By Jessica Hendricks, AAE State Policy Director
If your electric bill seems higher than it was last year, it is and you are not alone. Bills are up, in some cases even $20 more per month than where they were last year and as we continue to pry ourselves out of this economic recession, many folks just can’t keep up. Just last month, at the LPSC meeting, a Ville Platte resident went before the Louisiana Public Service Commission to make a formal complaint about how high utility bills are in his community. Although unacceptable, here are a few reasons why-
Usually line itemed as FAC (Fuel Adjustment Charge) on bills, this is a 100% pass through from the utility to the customer of costs associated with the fuel needed to generate electricity. As many know, natural gas prices are significantly higher than they were last year, and Louisiana relies heavily on natural gas power plants. The high cost of natural gas is causing a spike in the FAC on customer bills. Further, if you’re a SWEPCO or Cleco customer (or a customer of a utility that buys power from Cleco, like DEMCO and the City of Alexandria), you’re soldering the costs of an expensive lignite mine and power plant. The Oxbow Mine and Dolet Hills Power Station in Northern Louisiana are nowhere near cost effective anymore and the companies are in the process of retiring both facilities. The associated retirement costs have yet to go through a full prudence review by the LPSC meaning customers are on the hook for the expensive fuel costs, albeit subject to potential refunds in the future should the LPSC determine those costs were imprudent.
This is the amount charged per kWh. Louisiana has prided itself for years in having the lowest ‘rates’ in the country, around $0.08-$0.09/kWh. However, recent rate cases and Formula Rate Plan extensions approved by the LPSC have some utilities charging over $0.13/kWh which is above the national average of $0.12/kWh.
You’ve probably heard us say, “we’ve got the lowest rates, but highest bills”. A lot of that came down to usage and the costs associated with sustaining high usage. As mentioned above, we no longer have the lowest rates yet we still have some of the highest usage. Sure, we’ve got long hot summers, but so do our neighboring states. Yet they mitigate energy usage with long-term, robust energy efficiency programs. The LPSC has been working on these programs for over seven years and have yet to finalize them, while Louisianan’s pay the price on their monthly bills.
Riders and Surcharges
This is likely where interim cost recovery from storm damage is going to start to show up. Whether it was Hurricanes Laura, Delta, Zeta, or Winter Storm Uri, some of our utilities have already started recovering them subject to a prudence review. Costs of new power plants may also be lurking here.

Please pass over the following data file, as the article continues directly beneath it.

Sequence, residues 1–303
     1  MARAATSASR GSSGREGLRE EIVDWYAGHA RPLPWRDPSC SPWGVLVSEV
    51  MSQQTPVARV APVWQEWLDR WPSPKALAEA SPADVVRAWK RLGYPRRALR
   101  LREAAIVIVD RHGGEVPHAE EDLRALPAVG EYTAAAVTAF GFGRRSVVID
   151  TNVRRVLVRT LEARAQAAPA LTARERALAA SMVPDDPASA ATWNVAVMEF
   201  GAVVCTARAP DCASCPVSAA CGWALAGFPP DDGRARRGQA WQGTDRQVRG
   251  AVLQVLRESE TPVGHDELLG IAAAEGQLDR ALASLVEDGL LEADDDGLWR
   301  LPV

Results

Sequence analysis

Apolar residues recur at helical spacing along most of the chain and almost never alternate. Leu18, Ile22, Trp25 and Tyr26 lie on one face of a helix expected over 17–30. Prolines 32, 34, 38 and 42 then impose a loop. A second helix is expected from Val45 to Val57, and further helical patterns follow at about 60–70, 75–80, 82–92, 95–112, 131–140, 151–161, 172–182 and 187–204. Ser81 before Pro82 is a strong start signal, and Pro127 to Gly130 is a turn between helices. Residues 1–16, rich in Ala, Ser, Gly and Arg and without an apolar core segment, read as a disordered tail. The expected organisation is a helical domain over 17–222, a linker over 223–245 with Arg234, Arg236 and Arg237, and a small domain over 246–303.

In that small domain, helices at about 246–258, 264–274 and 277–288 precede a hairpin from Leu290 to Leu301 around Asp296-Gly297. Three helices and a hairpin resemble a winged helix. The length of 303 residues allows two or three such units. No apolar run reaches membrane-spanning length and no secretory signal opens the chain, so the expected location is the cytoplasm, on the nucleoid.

The problem is these costs are all adding up leading to simply unaffordable bills, especially for customers of Investor Owned Utilities (IOUs), like Entergy, Cleco and SWEPCO. Once bills get to this level, customers are at risk of incurring additional fees associated with not being able to pay bills on time. Those fees could include late fees, disconnection and/or reconnection fees, increased deposits and even negative credit reporting by the utility on behalf of the customer. Ultimately this means high rates of energy insecurity for Louisianans, utility disconnects are normalized and puts all of us on the hook for any uncollected debt the utility incurs. As Mr. Sampson, the Ville Platte resident mentioned above reminded the LPSC, our Commissioners are elected by us to work for and serve us. The time is now to engage your Commissioner and call for real energy efficiency programs, transparency in utility spending before, during and after extreme weather events and the need for a diversified fuel mix. As regulators, the LPSC needs to prioritize forward thinking energy policy to keep our bills from skyrocketing even further and put customers over shareholder profits.
If you need assistance in paying a utility bill, contact your Community Action Agency.
About the Author
Jessica Hendricks brings over seven years of policy experience to the Alliance from a community organizing perspective, serving Environmental Justice communities by addressing environmental health concerns, around the country and internationally through citizen science projects.
After developing multiple successful projects with communities in states like Idaho, Wyoming, Arkansas and Pennsylvania, Jessica landed in New Orleans focused on building statewide momentum for more equitable and affordable energy policy in Louisiana. Since joining the Alliance, Jessica has engaged with the Louisiana Public Service Commission on issues including Net Metering, Energy Efficiency and was successful in negotiating the lowest rates in the Country for Entergy Louisiana customers.
Originally from Baltimore, Maryland, Jessica has a Bachelor's Degree in Political Science, a passion for community empowerment and civic engagement, an insatiable love for international travel and spends off time geeking out to New Orleans’ rich and quirky history.